Magnification of sequence 1, showing more detail of the three manoeuvres acceleration (red), full speed (green) and deceleration (blue). Acceleration is defined as the time span where throttle stick and Z acceleration are rising. Full speed is the time where throttle stick is maximum and Z acceleration is constant. Deceleration is when throttle stick and Z acceleration are decreasing. 

This graph shows the individual motor throttle that is applied to each motor as an end result of the PID loop in Betaflight. It is used to calculate mean values of the left and right motor pairs for the different manoeuvres.

... and Efficiency...?

This method can't tell you anything about the efficiency of the propellers. Efficiency is propertional to thrust times velocity, divided by PWM duty cycle (= throttle) times Lipo voltage times current draw. My method does not measure current draw. So I can't say anything about efficiency. Only brute force is what I capture.
It also can't tell you whether your motors, Escs and lipo battery are running within their specifications with the propellers under test. This, and also efficiency, is something you have to determine with existing, traditional tests.
Measuring and comparing efficiency of different propellers could be added relatively easily by using ESC current telemetry. Sponsors for suitable ESCs are welcome!

Propellers under test

I tested 9 different propeller types. Thanks to Heiko Schenk for supplying the HQ propellers!
The propellers that I tested in flight.

Results

I was testing a small selection of my favourite 5" propellers for 22XX 2300 kV motors. I also added 4 inch and 6 inch props, just to verify that my expectations do match my measurements.
Acceleration / turning performance. LOWER values represent BETTER acceleration

Full Speed performance. LOWER values represent HIGHER full speed.
Deceleration performance. HIGHER values represent BETTER deceleration.

The results are pretty nice and I can now decide more easily which propellers to use for which track. However, the standard deviation of acceleration and deceleration are really high, indicating a lot of noise in the data (which makes also sense). These results have to be 'consumed with caution'.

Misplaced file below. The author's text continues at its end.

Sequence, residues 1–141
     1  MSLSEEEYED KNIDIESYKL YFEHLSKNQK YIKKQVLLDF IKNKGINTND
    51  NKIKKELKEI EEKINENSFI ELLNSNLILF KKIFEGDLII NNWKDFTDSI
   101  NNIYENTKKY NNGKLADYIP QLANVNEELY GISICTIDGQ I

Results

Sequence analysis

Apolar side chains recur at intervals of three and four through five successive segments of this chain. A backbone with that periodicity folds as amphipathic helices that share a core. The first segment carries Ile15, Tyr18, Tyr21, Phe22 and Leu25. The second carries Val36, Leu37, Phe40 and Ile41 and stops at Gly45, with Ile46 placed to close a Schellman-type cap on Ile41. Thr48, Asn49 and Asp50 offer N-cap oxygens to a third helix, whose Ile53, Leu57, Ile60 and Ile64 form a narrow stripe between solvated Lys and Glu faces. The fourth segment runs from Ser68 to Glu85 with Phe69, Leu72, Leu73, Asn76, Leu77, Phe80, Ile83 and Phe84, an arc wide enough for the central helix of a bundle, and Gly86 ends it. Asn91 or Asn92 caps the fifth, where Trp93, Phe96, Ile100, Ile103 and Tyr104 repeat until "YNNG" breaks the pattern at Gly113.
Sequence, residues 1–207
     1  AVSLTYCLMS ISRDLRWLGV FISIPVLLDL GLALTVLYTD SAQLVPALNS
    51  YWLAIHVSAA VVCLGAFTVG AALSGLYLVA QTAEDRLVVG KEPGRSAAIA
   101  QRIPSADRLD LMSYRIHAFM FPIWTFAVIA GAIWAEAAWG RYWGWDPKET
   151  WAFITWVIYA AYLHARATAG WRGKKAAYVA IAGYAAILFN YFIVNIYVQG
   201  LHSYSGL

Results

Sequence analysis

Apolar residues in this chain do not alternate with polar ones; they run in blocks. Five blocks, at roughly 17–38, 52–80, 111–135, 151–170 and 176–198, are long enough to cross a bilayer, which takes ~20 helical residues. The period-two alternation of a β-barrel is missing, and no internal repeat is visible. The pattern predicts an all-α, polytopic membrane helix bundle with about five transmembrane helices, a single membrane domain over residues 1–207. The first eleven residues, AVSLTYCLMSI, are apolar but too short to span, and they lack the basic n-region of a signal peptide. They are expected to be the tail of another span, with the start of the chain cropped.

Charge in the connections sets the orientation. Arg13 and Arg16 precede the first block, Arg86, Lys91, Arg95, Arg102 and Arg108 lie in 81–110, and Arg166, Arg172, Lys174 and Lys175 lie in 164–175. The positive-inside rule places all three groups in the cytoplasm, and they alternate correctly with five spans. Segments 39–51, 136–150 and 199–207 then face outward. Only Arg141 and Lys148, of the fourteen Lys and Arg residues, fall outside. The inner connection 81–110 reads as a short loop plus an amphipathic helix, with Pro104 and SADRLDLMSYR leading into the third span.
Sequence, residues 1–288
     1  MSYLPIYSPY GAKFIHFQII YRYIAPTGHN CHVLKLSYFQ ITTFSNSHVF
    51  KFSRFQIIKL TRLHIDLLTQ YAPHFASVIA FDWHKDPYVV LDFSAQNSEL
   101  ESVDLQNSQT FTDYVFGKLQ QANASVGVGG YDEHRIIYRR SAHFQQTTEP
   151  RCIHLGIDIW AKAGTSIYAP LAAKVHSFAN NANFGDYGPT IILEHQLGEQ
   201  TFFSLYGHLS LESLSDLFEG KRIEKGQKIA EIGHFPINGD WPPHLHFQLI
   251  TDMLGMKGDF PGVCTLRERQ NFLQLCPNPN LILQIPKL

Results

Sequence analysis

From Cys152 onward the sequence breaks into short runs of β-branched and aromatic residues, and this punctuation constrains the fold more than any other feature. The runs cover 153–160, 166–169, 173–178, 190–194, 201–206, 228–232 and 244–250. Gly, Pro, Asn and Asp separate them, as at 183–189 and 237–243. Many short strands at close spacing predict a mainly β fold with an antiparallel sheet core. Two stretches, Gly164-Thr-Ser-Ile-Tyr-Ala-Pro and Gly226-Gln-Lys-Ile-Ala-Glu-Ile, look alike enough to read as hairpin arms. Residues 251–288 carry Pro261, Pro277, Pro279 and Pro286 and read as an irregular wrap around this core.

HQ 5.1x5.1 have a very good acceleration and top speed, but the deceleration is bad. So for intermediate pilots like me, it will be more difficult to fly.
I would choose HQ 5.1x5.1 for fast tracks, and Gemfan Hulkie 5055 for more technical tracks (due to the good deceleration performance).

Can I apply these results to my 2700 kV setup?

These relative results are probably valid for all RPM, they are not limited to a small range. But you have to keep in mind that your 2700 kV setup will most likely be overloaded by high-pitch or high diameter propellers. Let's put it this way: The HQ 5.1x5.1 v1s would be the fastest propeller on a 2700 kV setup if it does not burn or overload the motor or deplete the battery before you finished your flight.

Comments

  1. You've created a brilliant test for measuring in-flight propulsion. I am all about measuring speeds of the technology I use on a daily basis, looking for the best of the best to keep up with my busy life. I have even invested in an Airwheel electric unicycle to get me from place to place quickly during the work day. I would love to develop detailed charts like yours, measuring how much time I am saving by using my transportation device!

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  2. Drone athletics may be a well-known sport wherever individuals fly around their Racing Drones and race as quick as they'll. Most drones have FPV systems lately, that is that the person read. There square measure cameras within the athletics drones, that give them the texture of flying as if they were within the cockpit.

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  3. Would you be able to provide the Matlab program in the form of an executable? So those of us without a Matlab license can still run it.